With the vast array of lighting available today, all contributing factors should be considered before choosing the best fixtures for your space. Florescent lighting is bright, energy-efficient, and can be used with a dimmer switch to change intensity as needed, making it a good choice for larger rooms. For task lighting to best illuminate activities such as reading, playing cards, and crafting, WebMD recommends LED lighting, although long, intense exposure to LED is not recommended. Prevent Blindness offers invaluable information and recommendations for using various types of lighting.
But when it comes to light, more is not always better. Reducing glare from reflective surfaces will help create visual comfort for everyone. Explore the many options of adjustable window treatments that can reduce glare without eliminating natural light. Glare generated by artificial light can be controlled by dimmer switches or turning televisions and other electronic screens away from light sources.
Rethinking signage for low-vision accessibility
If your facility uses signage, designs with color contrast in lettering and graphic images make signs easier to read. Highly contrasting colors and bold fonts are vital.
The Americans with Disabilities Act (ADA) requires accessible signage in all businesses, including signage containing both visual and tactile characters, such as braille and raised characters. Multiple websites provide guidance for ADA compliance.
Putting safety first for people with visual impairment
Creating a safe environment is always a top priority, and special considerations to make a space safer for people with vision impairment benefits everyone.
Walk from the parking lot and around other outdoor areas of your facility to identify any uneven or varying surfaces, and consider adding markings and color contrast. Walk from the outside into your facility, then tour the entire facility giving special consideration to how each area might be perceived and navigated by a person with low vision. Enlist the assistance of someone with vision loss to tour the facility with you. Make notes of anything that could be adjusted to make the facility more welcoming, easier to navigate, and safer for all clients.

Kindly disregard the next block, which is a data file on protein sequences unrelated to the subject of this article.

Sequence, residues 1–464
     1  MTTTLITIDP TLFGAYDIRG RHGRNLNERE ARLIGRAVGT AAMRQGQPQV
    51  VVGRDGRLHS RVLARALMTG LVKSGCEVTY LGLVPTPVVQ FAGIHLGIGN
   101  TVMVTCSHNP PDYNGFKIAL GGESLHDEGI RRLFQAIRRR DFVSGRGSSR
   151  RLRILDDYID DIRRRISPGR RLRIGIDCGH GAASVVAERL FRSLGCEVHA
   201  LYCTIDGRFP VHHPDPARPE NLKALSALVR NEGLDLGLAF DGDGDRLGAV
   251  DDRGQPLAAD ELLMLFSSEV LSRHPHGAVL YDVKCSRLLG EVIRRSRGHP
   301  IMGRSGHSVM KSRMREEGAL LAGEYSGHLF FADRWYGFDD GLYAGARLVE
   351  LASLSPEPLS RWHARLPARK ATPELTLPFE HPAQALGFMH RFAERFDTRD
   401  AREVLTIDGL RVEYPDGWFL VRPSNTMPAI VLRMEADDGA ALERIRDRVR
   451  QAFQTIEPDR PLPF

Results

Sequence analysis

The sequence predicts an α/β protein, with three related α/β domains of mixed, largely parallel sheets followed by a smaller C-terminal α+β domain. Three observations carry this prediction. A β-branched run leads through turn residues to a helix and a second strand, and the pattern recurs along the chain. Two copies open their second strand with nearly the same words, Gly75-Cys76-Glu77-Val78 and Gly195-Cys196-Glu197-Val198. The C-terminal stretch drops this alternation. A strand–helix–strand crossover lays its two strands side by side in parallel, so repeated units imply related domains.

Eliminate trip hazards, paying close attention to loose carpets or rugs, obstructions in halls or walkways, chairs not tucked under desks or tables, file cabinet or desk drawers left extended, and any low overhangs, anything that extends out from a wall or hangs from the ceiling. Again, contrasting rugs and furniture and using contrast on variable surfaces such as curbs, steps, and stairs can reduce walking hazards for all. Contrasting railings can also assist people with low vision.
The importance of universal design: How it creates universal benefits for all
When planning a remodel or building a new facility, ask your designer or architect to include universal design concepts. According to the article Designing for the Blind, universal design is a ‘big tent’ term encompassing more familiar methods such as accessibility and ‘barrier-free’ design.2 If a design is truly universal—meaning it’s for everyone—it should be, by definition, accessible.